By Karl Emmerick
One of the frontiers of interactive online experiences, virtual worlds, had a very real presence in San Jose, California last week. On October 10-11, representatives from a broad spectrum of interests in entertainment and technology converged upon the San Jose Convention Center for the arrival of the first Virtual Worlds Conference and Expo on the West Coast.
Virtual worlds are sometimes confused with massively multiplayer online games, as being synonymous entities. In fact, even though virtual worlds are frequently gaming or entertainment experiences, they can be described as interactive social environments. Second Life, for example, is a blank slate slate, which allows players to create their own content and experiences in-game, while games like World of WarCraft are scripted, which encourage following a path or series of paths within a defined game world. In other words, virtual worlds are like having the ability to write your own book, while playing in an MMO game is like reading a choose-your-own-adventure book. How players differentiate these forms of interactive entertainment is one thing, but how business perceives them is entirely another: For them virtual worlds are heavily user-defined online spaces with plenty of empty virtual billboard space, which makes them highly desirable targets of interest for advertisers and investors.
It was for that reason that Internet-savvy mass media companies Disney Online, Cartoon Network, MTV and other enterprises made a showing in support of interactive social networking ventures. By the same token, it was the same reason why Anthony Zuiker, creator of the "CSI: Crime Scene Investigation dramatic television series, was a keynote speaker, discussing an episode related to Second Life that will air on October 24th in specific while also discussing the power of media convergence (between the Internet, music, Hollywood and new social networking portals).
Sessions and panels addressed thorny questions, such as those of how to bring virtual worlds to a complex Asian market that is ethnically diverse, and in many ways more experienced and sophisticated than the North American market in the field of multiplayer online games. Since it's unfair to pose a question with any tip of the hat to the answers -- essentially partnering with regional companies, innovating products for the specific markets and knowing how to pitch and present them is critical for success, according to the panelists.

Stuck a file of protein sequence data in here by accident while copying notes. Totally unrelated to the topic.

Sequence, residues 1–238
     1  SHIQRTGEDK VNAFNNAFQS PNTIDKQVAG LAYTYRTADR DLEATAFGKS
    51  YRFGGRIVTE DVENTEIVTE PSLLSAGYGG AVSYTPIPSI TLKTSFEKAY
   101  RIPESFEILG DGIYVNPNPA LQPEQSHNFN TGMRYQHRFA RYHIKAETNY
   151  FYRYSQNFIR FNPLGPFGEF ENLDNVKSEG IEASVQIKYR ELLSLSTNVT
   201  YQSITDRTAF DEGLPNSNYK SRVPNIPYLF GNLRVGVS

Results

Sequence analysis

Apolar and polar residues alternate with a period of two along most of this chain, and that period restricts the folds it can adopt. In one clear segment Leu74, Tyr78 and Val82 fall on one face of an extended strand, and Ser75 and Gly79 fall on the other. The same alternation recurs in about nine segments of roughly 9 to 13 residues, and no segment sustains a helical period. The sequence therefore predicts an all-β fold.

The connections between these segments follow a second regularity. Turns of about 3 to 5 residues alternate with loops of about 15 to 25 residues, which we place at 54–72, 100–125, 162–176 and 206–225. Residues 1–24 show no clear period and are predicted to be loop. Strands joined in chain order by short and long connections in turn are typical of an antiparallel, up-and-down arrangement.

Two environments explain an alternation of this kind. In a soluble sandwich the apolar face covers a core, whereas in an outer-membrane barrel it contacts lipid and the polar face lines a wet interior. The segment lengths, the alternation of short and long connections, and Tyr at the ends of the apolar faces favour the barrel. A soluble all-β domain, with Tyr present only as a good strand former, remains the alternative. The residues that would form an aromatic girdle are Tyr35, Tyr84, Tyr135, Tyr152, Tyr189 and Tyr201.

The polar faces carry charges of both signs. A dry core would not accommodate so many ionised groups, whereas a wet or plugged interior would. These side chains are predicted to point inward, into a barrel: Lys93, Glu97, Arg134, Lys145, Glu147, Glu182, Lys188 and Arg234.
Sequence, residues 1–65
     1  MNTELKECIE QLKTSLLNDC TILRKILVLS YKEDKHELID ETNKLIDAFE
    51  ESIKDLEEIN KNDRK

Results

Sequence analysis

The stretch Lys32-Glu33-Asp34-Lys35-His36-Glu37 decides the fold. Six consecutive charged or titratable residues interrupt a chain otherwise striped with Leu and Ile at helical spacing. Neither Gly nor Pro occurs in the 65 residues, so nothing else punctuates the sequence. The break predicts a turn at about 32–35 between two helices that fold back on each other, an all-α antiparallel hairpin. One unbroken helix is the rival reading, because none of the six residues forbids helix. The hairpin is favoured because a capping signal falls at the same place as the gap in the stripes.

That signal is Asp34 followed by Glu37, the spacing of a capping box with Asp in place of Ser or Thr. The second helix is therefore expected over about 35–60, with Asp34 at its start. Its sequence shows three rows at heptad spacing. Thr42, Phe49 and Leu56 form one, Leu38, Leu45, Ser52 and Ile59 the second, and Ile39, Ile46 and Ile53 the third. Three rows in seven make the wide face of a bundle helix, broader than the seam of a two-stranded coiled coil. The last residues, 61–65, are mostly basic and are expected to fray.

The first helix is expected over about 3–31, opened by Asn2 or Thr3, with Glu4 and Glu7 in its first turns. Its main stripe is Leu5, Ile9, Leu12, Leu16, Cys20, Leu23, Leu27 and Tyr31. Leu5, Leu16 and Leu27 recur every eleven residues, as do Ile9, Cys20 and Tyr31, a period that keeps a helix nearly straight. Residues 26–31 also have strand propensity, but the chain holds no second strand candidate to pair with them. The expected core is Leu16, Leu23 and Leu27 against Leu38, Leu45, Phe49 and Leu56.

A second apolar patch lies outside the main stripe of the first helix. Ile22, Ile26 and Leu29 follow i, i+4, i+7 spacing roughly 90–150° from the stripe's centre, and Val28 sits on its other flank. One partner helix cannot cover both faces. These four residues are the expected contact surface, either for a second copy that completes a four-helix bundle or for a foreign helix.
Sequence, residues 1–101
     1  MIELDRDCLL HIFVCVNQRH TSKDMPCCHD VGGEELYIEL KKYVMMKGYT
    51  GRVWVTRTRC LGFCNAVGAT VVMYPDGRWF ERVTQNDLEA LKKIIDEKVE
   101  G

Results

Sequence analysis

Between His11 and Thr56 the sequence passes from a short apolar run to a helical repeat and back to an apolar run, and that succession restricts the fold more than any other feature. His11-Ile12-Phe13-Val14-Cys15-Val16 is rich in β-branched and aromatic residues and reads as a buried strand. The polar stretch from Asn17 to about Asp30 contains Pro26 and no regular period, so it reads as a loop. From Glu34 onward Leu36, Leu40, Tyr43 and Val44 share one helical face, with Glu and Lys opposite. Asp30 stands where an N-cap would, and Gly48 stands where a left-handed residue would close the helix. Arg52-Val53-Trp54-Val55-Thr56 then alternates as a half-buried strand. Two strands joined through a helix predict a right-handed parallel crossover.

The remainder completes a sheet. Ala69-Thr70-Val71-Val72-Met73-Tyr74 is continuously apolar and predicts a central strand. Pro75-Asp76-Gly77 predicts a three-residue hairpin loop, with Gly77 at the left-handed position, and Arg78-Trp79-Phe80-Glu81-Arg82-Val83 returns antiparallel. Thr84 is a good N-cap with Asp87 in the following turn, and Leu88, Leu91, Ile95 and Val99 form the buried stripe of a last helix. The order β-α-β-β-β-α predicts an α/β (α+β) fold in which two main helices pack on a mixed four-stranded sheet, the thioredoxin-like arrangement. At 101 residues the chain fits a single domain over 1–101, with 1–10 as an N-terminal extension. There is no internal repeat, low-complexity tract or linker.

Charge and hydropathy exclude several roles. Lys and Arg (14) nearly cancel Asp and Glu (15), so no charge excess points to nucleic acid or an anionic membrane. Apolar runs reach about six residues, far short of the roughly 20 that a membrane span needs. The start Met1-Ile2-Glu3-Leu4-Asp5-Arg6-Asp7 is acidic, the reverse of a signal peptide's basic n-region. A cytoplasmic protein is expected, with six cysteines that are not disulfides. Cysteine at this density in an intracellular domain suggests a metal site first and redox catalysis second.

Not surprising, considering the many questions about the future of virtual worlds, the "Visionary Panel - Where the Platforms are Going Next" session was filled to capacity - and spilling out into the hallway. Among the speakers at this panel was veteran MMO developer Raph Koster, President and Founder of Areae, who's been working on a mysterious but buzz-heavy virtual worlds project that's drawn the interest and curiosity of quite a few industry insiders. The project, Metaplace, is an open source development platform that allows end users and not just hard-boiled coders to create games, virtual spaces and more through a user-friendly scripting language. Plus, a host of tools planned out of the gate will add to the planned customization capabilities of Metaplace.
While visionary, lofty, if not always concrete, thinking was definitely on display at the Virtual Worlds show, there were more grounded technologies being shown off in executable form. One such presentation was Movable Life at the 3Di booth, a technology that allows players to log into, and play to a limited extent, within Second Life on a web browser. Currently, the light version allows players text communication, inventory management, and Google Maps-style navigation through the Second Life world.
In a similar vein, inDuality, created by Pelican Crossing and IBM, was showing off an alpha version of a slick 3D standalone client designed to allow subscribers seamless browser-based access with full functionality to numerous virtual worlds through a Microsoft XP or Vista operating system and Internet Explorer.
Speaking of IBM, in addition to the Pelican Crossing project, they made the most of the show in announcing new technological initiatives and partnerships in virtual worlds. IBM formally announced they're partnering with Linden Labs and other companies to create a common set of standards for a 3D Internet, "to drive open standards and interoperability to enable avatars -- the online persona of visitors to these online worlds -- to move from one virtual world to another with ease, much like you can move from one website to another on the Internet today," as announced in their press release.
Virtual worlds are a newly recognized branch of the online gaming family tree, and so far, mass media, advertisers, game developers, technology giants, social networking websites are all frantically trying to stake their claim and figure out how to build the ideal experience for consumers and mark up a hefty bottom line doing it. So far in virtual worlds there isn't the sizzle of Halo 3 to share with an audience, the mind-blowing poly-count of a new PlayStation 3 game to show, or any of that classic gaming sexiness. --just the promise of a new Internet that marries classic and new media in a way that may eventually rethink how we see television, moves, music, the Internet and online games. One thing is for sure, right now given the interest, collaborations in the works, and the almost visceral smell of money in the air, that many attendees feel there is gold in them thar virtual hills.